Parkinson's disease is a chronic, progressive and debilitating neurodegenerative disorder that affects approximately one million people in the U.S. and six million people worldwide. It is characterized by a loss of dopamine from neuronal degeneration, with a concomitant loss of the aromatic L-amino acid decarboxylase (AADC) enzyme required to synthesize dopamine in the brain, leading to associated impairment in motor, neuropsychiatric, and autonomic functions.
“We are pleased that the results from these studies show that one-time treatment with investigational NBIb-1817 may help restore the brain’s ability to convert levodopa into dopamine,” said Eiry Roberts, M.D., Chief Medical Officer at Neurocrine Biosciences. “Our hope is that NBIb-1817 will help patients experience less “Off” time and more “On” time and improve motor symptom control. We plan to re-initiate enrollment in our registrational RESTORE-1 clinical trial with NBIb-1817 this year and look forward to further evaluating NBIb-1817 in patients with Parkinson’s disease.”
NBIb-1817 is an investigational recombinant adeno-associated viral serotype 2 vector encoding the gene for human AADC that is designed to help produce the AADC enzyme in brain cells where it can convert levodopa to dopamine.
“We are encouraged by the congruence of long-term data, including clinician- and patient-reported clinical outcomes in our clinical studies,” said Omar Khwaja, M.D., Ph.D., Chief Medical Officer and Head of Research and Development at Voyager Therapeutics. “These results are promising and show that the approach has the potential to transform the treatment of Parkinson’s disease, and help improve the lives of patients and their families.”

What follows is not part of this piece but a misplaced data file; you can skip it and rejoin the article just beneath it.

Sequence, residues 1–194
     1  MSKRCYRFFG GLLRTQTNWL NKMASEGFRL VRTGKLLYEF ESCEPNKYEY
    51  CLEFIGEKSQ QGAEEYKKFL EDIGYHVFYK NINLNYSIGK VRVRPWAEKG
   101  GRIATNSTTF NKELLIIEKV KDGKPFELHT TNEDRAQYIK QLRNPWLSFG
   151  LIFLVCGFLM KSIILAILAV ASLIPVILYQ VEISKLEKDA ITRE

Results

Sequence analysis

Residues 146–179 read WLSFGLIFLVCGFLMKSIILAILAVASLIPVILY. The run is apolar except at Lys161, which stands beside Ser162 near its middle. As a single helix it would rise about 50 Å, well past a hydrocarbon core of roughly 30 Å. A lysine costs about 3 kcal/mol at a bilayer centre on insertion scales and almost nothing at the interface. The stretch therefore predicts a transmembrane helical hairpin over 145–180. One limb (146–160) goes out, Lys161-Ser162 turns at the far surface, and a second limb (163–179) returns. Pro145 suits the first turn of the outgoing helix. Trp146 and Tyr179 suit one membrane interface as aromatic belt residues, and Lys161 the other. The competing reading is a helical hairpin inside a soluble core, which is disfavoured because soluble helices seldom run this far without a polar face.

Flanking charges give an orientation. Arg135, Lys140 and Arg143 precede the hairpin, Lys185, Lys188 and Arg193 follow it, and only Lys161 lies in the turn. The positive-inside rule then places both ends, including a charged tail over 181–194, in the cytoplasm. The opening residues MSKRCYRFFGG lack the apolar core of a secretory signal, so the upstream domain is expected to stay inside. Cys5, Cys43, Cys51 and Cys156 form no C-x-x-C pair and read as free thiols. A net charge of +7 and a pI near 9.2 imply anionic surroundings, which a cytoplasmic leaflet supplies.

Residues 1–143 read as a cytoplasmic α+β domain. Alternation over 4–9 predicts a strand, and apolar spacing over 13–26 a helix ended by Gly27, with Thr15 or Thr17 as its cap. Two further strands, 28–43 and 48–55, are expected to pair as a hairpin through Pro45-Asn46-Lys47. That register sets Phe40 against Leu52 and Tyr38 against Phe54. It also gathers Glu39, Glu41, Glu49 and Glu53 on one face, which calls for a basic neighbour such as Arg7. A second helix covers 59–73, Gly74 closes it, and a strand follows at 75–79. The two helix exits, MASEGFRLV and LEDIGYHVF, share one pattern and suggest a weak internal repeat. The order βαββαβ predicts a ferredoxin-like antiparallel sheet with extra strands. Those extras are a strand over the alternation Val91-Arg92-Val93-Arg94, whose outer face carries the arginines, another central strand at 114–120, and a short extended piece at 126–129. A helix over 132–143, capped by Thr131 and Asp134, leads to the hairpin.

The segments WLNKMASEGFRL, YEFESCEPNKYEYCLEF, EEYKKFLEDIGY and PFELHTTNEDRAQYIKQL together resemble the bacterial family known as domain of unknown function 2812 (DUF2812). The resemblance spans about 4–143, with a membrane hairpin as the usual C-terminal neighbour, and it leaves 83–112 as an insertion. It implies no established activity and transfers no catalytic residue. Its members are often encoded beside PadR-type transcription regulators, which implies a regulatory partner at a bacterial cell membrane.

Additional information about PD-1101 and PD-1102 will be available on demand for registered participants through October 1, 2020 on the MDS meeting website (www.mdscongress.org/Congress/Registration.htm).
About Parkinson’s Disease and NBIb-1817 (VY-AADC)
NBIb-1817 is an investigational recombinant adeno-associated viral (AAV) serotype 2 vector encoding the gene for human AADC that is designed to help produce the AADC enzyme in brain cells where it can convert levodopa to dopamine. NBIb-1817 is administered into the brain using intraoperative monitoring with magnetic resonance imaging (MRI)-facilitated targeted delivery.